“Offering appropriate guidance to a team member is just as important as the initial conversation,” confirms Anderson. “It gives you an opportunity to reaffirm, further direct, and eventually bring closure to your prior instruction. Think about it this way: Where would we be if God didn’t continue to lead us back to the correct path again…and again…and again?”
Don’t dig up the past. Especially when you’re upset with someone, it’s tempting to take every mistake she’s ever made and throw them back in her face to underscore just how justified your anger is. When you’re confronting a team member, though, it’s crucial to count to ten, take a deep breath, or drink a glass of water in lieu of unleashing a verbal torrent, because rehashing past sins only creates bitterness and breaks trust.
“Ultimately, confronting poor performers will never be enjoyable,” concludes Anderson. “In fact, it will almost always be nerve-wracking, uncomfortable, and maybe even downright upsetting,
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Making It Stick: Five Rules for Delivering Effective Feedback
Part of being a leader is telling your team members how their performances are measuring up. Whether you’re handing out praise or facing a you-need-to-improve conversation, here are five tips excerpted from How to Lead by THE BOOK: Proverbs, Parables, and Principles to Tackle Your Toughest Business Challenges (Wiley, 2011, ISBN: 978-0-470-93628-3, $24.95, that will help you make the most of your feedback.
Rule #1: Don’t delay. Give feedback as quickly after an action as possible. Delayed consequences lessen the impact of your message and can render feedback as little more than an afterthought.
Rule #2: Be specific. Be precise rather than general. Jesus did not say, “This guy is impressive,” when speaking of the centurion, who believed that Jesus had the authority and power to heal his sick servant from afar, without seeing him in person. Rather, Jesus specifically pointed out exactly what was impressive: the centurion’s faith. When you are specific, you accomplish two things:
You let other people know that you care enough about them and their performance to pay attention to precisely what they did.
When you reinforce someone’s specific behavior, that person is more likely to repeat that same behavior.
Rule #3: Share praise. Patting someone on the back is not likely to make that person lazy. Sure, there are a handful of sluggards who use positive reinforcement as an excuse to crawl into a hammock and take a nap, but the majority will try even harder to please you in the future and to live up to the expectations they have created through solid past performance.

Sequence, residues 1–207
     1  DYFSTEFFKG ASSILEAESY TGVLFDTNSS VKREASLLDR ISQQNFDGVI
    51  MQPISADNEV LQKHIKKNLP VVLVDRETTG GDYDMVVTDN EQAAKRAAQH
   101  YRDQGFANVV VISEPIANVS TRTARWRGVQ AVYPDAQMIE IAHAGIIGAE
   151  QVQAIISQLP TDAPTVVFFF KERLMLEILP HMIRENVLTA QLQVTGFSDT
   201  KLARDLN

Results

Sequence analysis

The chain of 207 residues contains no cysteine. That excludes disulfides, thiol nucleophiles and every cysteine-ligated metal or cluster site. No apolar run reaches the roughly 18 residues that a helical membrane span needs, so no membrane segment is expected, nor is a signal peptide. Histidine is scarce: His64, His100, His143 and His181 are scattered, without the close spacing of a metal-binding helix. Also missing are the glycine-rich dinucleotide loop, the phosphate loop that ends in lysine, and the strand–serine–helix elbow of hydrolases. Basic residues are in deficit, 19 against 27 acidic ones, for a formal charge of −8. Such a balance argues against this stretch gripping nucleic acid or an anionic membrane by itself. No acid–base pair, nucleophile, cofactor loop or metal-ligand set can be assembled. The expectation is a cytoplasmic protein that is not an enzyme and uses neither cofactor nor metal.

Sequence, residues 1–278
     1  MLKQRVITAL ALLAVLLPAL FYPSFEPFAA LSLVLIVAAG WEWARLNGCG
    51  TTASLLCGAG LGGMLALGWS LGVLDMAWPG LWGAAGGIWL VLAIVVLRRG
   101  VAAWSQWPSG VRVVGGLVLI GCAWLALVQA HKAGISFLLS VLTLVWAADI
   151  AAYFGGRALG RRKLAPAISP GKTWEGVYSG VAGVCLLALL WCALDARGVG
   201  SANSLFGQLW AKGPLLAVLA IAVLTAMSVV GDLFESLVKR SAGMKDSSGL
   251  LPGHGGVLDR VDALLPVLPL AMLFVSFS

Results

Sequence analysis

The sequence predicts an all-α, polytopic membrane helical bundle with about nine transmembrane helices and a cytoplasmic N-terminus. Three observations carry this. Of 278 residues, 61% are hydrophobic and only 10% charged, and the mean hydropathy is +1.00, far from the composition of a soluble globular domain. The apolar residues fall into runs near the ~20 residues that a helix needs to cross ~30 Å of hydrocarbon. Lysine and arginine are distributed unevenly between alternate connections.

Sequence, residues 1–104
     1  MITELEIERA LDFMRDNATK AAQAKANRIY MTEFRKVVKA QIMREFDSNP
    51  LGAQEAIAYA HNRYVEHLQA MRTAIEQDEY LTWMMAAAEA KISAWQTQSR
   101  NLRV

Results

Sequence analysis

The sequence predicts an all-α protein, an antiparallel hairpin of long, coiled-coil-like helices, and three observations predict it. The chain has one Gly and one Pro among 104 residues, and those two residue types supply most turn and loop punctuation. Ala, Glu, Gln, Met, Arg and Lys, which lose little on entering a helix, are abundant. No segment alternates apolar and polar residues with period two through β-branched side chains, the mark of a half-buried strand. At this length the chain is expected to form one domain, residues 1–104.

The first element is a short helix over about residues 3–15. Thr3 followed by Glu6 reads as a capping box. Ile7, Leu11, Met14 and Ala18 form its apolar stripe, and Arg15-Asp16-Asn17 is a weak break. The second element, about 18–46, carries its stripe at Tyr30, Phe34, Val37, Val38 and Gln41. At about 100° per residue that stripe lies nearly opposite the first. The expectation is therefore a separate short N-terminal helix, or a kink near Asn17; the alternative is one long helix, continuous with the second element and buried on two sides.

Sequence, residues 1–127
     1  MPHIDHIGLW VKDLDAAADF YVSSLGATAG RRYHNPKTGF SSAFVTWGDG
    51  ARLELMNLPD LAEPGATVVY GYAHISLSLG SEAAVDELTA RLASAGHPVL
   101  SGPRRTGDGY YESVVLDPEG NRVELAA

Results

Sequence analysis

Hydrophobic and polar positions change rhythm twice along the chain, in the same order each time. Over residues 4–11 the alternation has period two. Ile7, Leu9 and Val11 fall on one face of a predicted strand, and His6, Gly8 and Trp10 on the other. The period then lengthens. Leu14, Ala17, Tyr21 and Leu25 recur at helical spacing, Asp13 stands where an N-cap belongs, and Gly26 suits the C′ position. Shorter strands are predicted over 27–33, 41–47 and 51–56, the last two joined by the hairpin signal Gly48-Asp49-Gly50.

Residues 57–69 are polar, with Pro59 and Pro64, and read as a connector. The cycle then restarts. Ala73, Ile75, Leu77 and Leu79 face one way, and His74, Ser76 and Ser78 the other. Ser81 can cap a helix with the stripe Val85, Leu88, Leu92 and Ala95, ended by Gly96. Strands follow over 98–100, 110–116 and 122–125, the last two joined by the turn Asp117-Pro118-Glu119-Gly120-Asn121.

Rule #4: Know your audience. It’s important to customize your feedback to the individual, because you’ve got to know people in order to move them to action. Temper the style and tone of your feedback depending on who is on the receiving end—without clouding your message, that is. Paul gives his young mentee, Timothy, excellent advice in this regard: “Do not rebuke an older man, but exhort him as a father; younger men as brothers, older women as mothers, younger women as sisters, with all purity” (1 Tim. 5:1-2).
Rule #5: Be consistent. Failing to confront an unsatisfactory behavior invites more of the same. This is because the absence of a consequence for a derelict act, in effect, reinforces it.
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About the Author:
Dave Anderson is author of How to Lead by THE BOOK: Proverbs, Parables, and Principles to Tackle Your Toughest Business Challenges (Wiley, 2011, ISBN: 978-0-470-93628-3, $24.95,, is president of Dave Anderson’s Learn to Lead, and has given over 1,000 leadership presentations in thirteen countries. He is also the author of How to Run Your Business by THE BOOK: A Biblical Blueprint to Bless Your Business; If You Don’t Make Waves, You’ll Drown; Up Your Business!; How to Deal with Difficult Customers; and the TKO business series, all from Wiley. He and his wife, Rhonda, are cofounders of The Matthew 25:35 Foundation, which helps feed, educate, and house under-resourced people throughout the world.
For more information, visit
About the Book:
How to Lead by THE BOOK: Proverbs, Parables, and Principles to Tackle Your Toughest Business Challenges (Wiley, 2011, ISBN: 978-0-470-93628-3, $24.95, is available at bookstores nationwide, major online booksellers, or directly from the publisher by calling 800-225-5945. In Canada, call 800-567-4797 
 Submitted by Dottie DeHart, DeHart & Company Public Relations